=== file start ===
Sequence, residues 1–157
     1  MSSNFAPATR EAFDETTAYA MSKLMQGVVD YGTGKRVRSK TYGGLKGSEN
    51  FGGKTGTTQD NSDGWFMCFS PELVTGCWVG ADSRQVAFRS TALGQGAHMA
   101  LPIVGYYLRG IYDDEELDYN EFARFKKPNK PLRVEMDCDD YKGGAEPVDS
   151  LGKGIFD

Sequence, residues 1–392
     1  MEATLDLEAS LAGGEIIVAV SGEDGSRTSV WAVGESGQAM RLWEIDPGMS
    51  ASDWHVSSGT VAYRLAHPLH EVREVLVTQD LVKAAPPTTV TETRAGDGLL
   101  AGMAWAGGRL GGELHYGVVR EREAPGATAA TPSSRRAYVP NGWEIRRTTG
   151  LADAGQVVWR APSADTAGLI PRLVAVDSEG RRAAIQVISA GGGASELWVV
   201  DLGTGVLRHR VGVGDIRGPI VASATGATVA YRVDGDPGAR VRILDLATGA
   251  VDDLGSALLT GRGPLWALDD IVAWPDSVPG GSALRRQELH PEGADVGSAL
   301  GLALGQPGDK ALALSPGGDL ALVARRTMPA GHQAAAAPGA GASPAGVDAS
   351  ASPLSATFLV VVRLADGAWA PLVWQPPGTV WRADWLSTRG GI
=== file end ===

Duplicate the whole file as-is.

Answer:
Sequence, residues 1–157
     1  MSSNFAPATR EAFDETTAYA MSKLMQGVVD YGTGKRVRSK TYGGLKGSEN
    51  FGGKTGTTQD NSDGWFMCFS PELVTGCWVG ADSRQVAFRS TALGQGAHMA
   101  LPIVGYYLRG IYDDEELDYN EFARFKKPNK PLRVEMDCDD YKGGAEPVDS
   151  LGKGIFD

Sequence, residues 1–392
     1  MEATLDLEAS LAGGEIIVAV SGEDGSRTSV WAVGESGQAM RLWEIDPGMS
    51  ASDWHVSSGT VAYRLAHPLH EVREVLVTQD LVKAAPPTTV TETRAGDGLL
   101  AGMAWAGGRL GGELHYGVVR EREAPGATAA TPSSRRAYVP NGWEIRRTTG
   151  LADAGQVVWR APSADTAGLI PRLVAVDSEG RRAAIQVISA GGGASELWVV
   201  DLGTGVLRHR VGVGDIRGPI VASATGATVA YRVDGDPGAR VRILDLATGA
   251  VDDLGSALLT GRGPLWALDD IVAWPDSVPG GSALRRQELH PEGADVGSAL
   301  GLALGQPGDK ALALSPGGDL ALVARRTMPA GHQAAAAPGA GASPAGVDAS
   351  ASPLSATFLV VVRLADGAWA PLVWQPPGTV WRADWLSTRG GI